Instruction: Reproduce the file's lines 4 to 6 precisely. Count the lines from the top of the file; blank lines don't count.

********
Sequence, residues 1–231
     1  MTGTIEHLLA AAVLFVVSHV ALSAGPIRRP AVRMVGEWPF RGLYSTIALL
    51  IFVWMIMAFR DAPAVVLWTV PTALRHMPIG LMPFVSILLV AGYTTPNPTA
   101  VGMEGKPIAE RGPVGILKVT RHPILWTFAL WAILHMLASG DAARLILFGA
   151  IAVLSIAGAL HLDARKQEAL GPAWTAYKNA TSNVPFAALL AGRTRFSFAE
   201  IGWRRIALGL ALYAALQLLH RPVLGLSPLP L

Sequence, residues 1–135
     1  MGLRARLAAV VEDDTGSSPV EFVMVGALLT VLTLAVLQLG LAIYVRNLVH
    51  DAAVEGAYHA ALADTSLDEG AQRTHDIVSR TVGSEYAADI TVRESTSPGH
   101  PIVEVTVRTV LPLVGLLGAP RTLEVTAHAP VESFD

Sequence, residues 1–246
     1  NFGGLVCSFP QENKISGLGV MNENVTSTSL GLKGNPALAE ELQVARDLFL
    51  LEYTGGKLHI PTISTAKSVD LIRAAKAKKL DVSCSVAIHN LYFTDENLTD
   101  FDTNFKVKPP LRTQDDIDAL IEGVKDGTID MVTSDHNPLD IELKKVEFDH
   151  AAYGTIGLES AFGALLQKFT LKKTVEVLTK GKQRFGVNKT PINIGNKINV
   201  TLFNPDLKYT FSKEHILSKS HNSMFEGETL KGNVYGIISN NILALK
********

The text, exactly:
   101  VGMEGKPIAE RGPVGILKVT RHPILWTFAL WAILHMLASG DAARLILFGA
   151  IAVLSIAGAL HLDARKQEAL GPAWTAYKNA TSNVPFAALL AGRTRFSFAE
   201  IGWRRIALGL ALYAALQLLH RPVLGLSPLP L